We provide an in-patient service to the following community hospitals:
o Benjamin Court
o Colman Hospital (Caroline House, Pine Cottage & Priscilla Bacon Lodge)
o Cranmer House
o Dereham Hospital
o Kelling Hospital
o North Walsham
o Norwich Community Hospital (including Community Stroke Rehabilitation Unit)
o Ogden Court
o Julian Hospital
o Hellesdon Hospital
Patients are nutritionally screened upon admission using ‘MUST’ and referred to the dietitian if they are at high risk of malnutrition.
Patients at Priscilla Bacon Lodge are screened using a specifically designed nutrition pathway for palliative care patients.
Ward housekeepers and nutrition link nurses work closely with the dietitians and catering company to ensure patients receive the right diet.
The Nutrition & Dietetic department aim to see outpatients as close to their home as possible.
Outpatients (including children), are seen at 22 community locations including community hospitals, health centres and GP surgeries.
Dietitians educate and support patients (and their families/carers) on therapeutic diets for conditions such as:
o Food Allergies
o Malnutrition (or those at risk of)
o Irritable Bowel Syndrome (IBS)
o Coeliac Disease
o Difficulty swallowing which requires a soft or puree diet
o Faddy eating
o Diverticular Disease
o Inflammatory Bowel Disease
Patients may be seen for an individual consultation or in a group education session e.g. for people with newly diagnosed type 2 diabetes. These groups are run jointly with specialist diabetes nurses. The 8 current locations for these groups that run throughout the year are:
o Adelaide Street, Norwich
o Lawson Road, Norwich
Home visits are offered to immobile/housebound patients who are unable to attend an outpatient appointment or patients who are resident in care homes.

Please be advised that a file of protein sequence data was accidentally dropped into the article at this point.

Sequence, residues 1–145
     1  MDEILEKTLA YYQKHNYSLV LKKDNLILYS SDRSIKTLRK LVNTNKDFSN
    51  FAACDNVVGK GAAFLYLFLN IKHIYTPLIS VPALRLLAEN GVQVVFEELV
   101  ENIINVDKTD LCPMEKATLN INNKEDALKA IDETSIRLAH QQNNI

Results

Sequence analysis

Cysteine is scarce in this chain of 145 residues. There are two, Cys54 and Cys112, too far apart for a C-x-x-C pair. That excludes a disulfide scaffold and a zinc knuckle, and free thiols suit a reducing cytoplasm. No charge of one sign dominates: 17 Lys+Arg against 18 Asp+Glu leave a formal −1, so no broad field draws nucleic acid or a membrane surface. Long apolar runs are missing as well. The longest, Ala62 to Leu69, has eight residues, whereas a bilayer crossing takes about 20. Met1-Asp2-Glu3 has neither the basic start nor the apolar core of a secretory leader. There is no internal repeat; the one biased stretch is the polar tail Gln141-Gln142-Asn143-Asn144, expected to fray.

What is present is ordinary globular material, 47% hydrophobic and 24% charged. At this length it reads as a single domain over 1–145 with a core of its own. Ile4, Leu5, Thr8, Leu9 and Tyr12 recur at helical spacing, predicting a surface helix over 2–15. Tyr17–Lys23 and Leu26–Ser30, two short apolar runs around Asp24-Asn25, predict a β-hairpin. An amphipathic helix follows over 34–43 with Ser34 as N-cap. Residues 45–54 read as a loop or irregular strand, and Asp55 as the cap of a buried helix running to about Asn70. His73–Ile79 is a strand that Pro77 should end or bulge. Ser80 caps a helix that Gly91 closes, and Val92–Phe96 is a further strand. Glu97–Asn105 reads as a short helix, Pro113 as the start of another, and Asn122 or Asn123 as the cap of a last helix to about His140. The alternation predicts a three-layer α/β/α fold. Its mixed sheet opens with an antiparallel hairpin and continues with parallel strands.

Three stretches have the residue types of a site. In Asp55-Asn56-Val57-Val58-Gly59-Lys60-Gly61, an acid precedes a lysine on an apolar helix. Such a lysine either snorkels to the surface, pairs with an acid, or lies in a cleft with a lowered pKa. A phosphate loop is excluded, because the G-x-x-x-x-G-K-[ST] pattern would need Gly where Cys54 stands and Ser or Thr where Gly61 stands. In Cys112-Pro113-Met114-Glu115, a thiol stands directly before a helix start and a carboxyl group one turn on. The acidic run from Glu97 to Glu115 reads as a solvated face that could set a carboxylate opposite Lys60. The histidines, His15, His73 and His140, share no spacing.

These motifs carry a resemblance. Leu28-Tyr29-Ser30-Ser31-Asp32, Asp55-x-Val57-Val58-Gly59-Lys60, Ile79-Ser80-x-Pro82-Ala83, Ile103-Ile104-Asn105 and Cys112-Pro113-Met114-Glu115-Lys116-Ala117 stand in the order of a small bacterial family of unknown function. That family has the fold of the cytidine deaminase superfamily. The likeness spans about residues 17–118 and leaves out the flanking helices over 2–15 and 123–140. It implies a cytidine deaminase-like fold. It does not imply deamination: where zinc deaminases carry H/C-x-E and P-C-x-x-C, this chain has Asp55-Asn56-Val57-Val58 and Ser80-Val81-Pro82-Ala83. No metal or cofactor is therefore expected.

Assistant Practitioners and Dietetic Assistants assess and monitor patients in their own home with malnutrition who require advice and support to improve their nutrition and wellbeing.
Home Enteral Feeding
Some patients require artificial feeding through a tube into the stomach or small bowel for conditions such as Stroke, Motor Neurone Disease (MND) and Head & Neck Cancer.
Approximately 250 adult patients are looked after by the specialist team comprising of Dietitians, Dietetic Assistants, Nutrition Nurses and Homecare Company Nurses. These patients are reviewed in their own homes, clinics and care homes.
The team is involved in pre-tube placement education and training, so patients and/or relatives are able to make informed decision as to whether they would like to have a feeding tube. This occurs when the patient is no longer able to meet their nutritional needs.
The team works closely with ward staff to ensure the safe discharge of patients, which involves training on the care of the tube, training on the use of the equipment and how to obtain relevant supplies.
Ongoing dietetic review of these patients includes the assessment of nutritional requirements, detecting and monitoring feeding problems and liaising with other healthcare professionals.
People with a learning disability are at increased risk of developing nutritionally related health problems. More people with a learning disability are underweight than the general population; putting them at increased risk of malnutrition. More are obese; increasing the risk of developing obesity related complications. Swallowing problems (dysphagia), bowel disorders, reflux, diabetes and poorly balanced diets are all commonly seen. These nutritionally related health problems are less likely to be noticed and/ or addressed.
The Specialist Learning Disabilities Dietitian provides a clinical dietetic service to people with dysphagia and who meet the service eligibility criteria for other nutritional problems. Referrals are seen with other members of the multidisciplinary team when appropriate.
Referrals are also seen by Dietitians working in other speciality areas or in community clinics.
Allocation for all referrals is determined on an individual basis.